The detail fabrication procedure for designing a dual layer nanowires polarization filters is depicted in Fig. 2
Fig. 2 Micro- and nanofabrication steps of dual layer aluminum nanowire polarization filter array.
and described below:

  • (1) The starting substrate for the filter array is a microscope glass slide. The glass slide is first planerized via a chemical mechanical polishing (CMP) procedure optimized for glass substrates. The variations of the glass surface within an area of 3 cm by 3 cm are +/−5 nm. The surface of the glass slide is cleaned by soaking the sample in isopropyl alcohol and acetone separately. The glass sample is then placed in a reactive ion etching tool and the surface is further cleaned with oxygen via reactive ion etching (RIE) power of 300 W for 20 minutes.
  • (2) The glass surface is coated with 140 nm of aluminum and 20 nm of SiO2 via e-beam deposition and chemical vapor deposition respectively. The SiO2 will be used as a hard mask to etch the aluminum layer.
  • (3) Thin layer of photoresist is spin coated on the sample. A diluted S1805 photoresist is spin coated at 4500 rpm for 45 seconds and ~150 nm thick photoresist is created on the surface of the sample. The sample is then baked at 90° C for one minute (Fig. 2a).
  • (4) The interference pattern generated by the neodymium-doped yttrium aluminum garnet laser is used to pattern the photoresist. The photoresist is exposed to the interference pattern for 35 seconds. After the exposure is completed, the sample is placed in a developer for 1 minute, followed by DI water rinse for 1 minute (Fig. 2b).
  • (5) The sample is placed in the reactive ion etching inductively coupled plasma (RIE/ICP) tool and the following recipe is executed:

    The bottom plate of the RIE chamber is heated at 70° C. For the procedure described in Table 1

    Table 1. Reactive Ion Etching Recipe for Etching Aluminum Nanowires

    table-icon
    View This Table
    | View All Tables
    , step 1 is used to purge the chamber from any residual gasses; step 2 is used to transfer the pattern from the photoresist to the SiO2 surface (Fig. 2c); step 3 is used to etch the AlO2 followed by etching of the Al in step 4 (Fig. 2d). At the end of the procedure the chamber is purged in order to remove any residual chemicals that might be accumulated on the surface of the sample during the etching procedure. At the end of this step, the glass slide contains uniform aluminum nanowires across a circular area of 3 cm.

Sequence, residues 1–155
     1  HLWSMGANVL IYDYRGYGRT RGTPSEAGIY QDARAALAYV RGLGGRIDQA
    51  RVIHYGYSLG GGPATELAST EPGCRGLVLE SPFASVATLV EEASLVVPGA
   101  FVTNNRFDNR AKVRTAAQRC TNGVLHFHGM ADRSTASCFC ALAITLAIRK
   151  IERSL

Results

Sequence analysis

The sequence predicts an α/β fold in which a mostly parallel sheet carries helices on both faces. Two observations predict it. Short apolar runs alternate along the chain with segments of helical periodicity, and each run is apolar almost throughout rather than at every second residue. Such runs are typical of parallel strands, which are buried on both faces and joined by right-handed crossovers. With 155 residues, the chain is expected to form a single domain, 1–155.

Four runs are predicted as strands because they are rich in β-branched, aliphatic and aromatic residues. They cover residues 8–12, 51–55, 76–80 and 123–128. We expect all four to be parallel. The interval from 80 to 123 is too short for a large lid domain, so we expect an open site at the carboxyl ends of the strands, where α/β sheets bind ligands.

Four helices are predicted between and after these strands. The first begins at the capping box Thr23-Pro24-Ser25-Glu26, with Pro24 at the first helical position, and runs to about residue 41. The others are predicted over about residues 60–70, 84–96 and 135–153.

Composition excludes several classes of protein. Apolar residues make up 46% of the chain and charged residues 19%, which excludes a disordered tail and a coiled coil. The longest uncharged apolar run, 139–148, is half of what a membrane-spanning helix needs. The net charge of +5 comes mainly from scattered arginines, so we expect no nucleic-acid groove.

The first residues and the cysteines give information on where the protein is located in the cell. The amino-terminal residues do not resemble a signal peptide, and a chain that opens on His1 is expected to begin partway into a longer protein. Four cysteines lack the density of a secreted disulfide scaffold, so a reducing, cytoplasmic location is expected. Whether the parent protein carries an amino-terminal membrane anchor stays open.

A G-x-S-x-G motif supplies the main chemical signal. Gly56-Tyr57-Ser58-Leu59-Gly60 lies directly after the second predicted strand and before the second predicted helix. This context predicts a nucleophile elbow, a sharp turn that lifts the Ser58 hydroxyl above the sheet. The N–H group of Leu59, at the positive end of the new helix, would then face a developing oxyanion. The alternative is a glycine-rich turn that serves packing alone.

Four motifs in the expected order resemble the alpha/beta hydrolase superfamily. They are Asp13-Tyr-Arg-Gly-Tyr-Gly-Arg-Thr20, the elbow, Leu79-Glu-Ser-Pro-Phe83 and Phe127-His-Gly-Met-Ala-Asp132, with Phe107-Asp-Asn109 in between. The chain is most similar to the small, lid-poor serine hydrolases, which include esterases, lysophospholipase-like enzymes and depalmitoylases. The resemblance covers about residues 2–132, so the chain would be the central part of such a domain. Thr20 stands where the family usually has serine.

Table 1Reactive Ion Etching Recipe for Etching Aluminum NanowiresStep 1Step 2Step 3Step 4Step 5Pressure (mTorr)2001020010200RIE (W)0150100250ICP(W)0500500400Time (sec)300306022030Gas 1 (scmm)Ar: 50CHF3: 10BCl3: 30BCl3: 30Ar: 50Gas 2 (scmm)Cl2: 15Cl2: 8Commentpurge the chamberSiO2 etchingAlO2 etchingAl etchingpurge the chamber
  • (6) A negative SU-8 2002 photoresist is applied next on the sample. The negative photoresist, SU-8 2002, is hydrophobic and requires the applied surface to be absolutely free of any water molecules. The photoresist is spin coated at 500 rpm for 10 seconds and then at 3000 rpm for 50 seconds with 500 rpm per second acceleration. The resulting photoresist thickness is 2 μm. It is important to have a very good precise ramp up from 500 to 3000 rpm in order to obtain thickness of 2 μm (Fig. 2e).
  • (7) The sample is baked at 65° C for 1 min and then at 95° C for 2 min on a hot plate. It is recommended that the sample cools down at 65° C for 1 min in order to gradually decrease the temperature of the sample. Gradual increase and decrease of the temperature during the baking process avoids rapid temperature differences and prevents the photoresist from cracking.
  • (8) The photoresist is exposed at 375 nm wavelength for 22 seconds at 5mW/cm2 intensity using a Karl Zuess mask aligner. The mask used to pattern the photoresist contains 18 μm by 18 μm square checkerboard patterns (Fig. 2e). The sample is post-baked at 65° C for 1 min and then at 95° C for 3 min. The sample is cooled down at 65° C for 1 min in order to gradually decrease the temperature and minimize stress and cracking on the photoresist. The photoresist is developed for 3 min in an SU-8 developer using an ultrasound bath and gently rinsed with isopropyl alcohol at the end of the procedure. If white colored liquid appears on the surface, the photoresist is not completely developed and it is submerged in the developer again (Fig. 2f).
  • (9) The sample is placed in the RIE/ICP tool and the recipe described in Table 2

    Table 2. Reactive Ion Etching Recipe for Etching 18 μm by 18 μm Pixelated Polarization Filters

    table-icon
    View This Table
    | View All Tables
    is executed. The RIE/ICP recipe presented in Table 2 is very similar to the one in Table 1 and the last row in the table describes the purpose of each step. At the end of the RIE/ICP procedure, the glass slide contains pixelated nanowires polarization filters oriented at 0°. The pixel pitch of the polarization filters is 18 μm by 18 μm and the individual pixelated filters are composed of aluminum nanowires with 140nm height, 140nm periodicity and ~50% duty cycle (Fig. 2g).
    Table 2Reactive Ion Etching Recipe for Etching 18 μm by 18 μm Pixelated Polarization FiltersStep 1Step 2Step 3Step 4Step 5Pressure (mTorr)20020010200200RIE (W)0100250300ICP(W)05004000500Time (sec)300602203075Gas 1 (scmm)Ar: 50BCl3: 30BCl3: 30Ar: 50CF4: 90Gas 2 (scmm)Cl2: 15Cl2: 8O2: 10Commentpurge the chamberAlO2 etchingAl etchingpurge the chamberphotoresist etching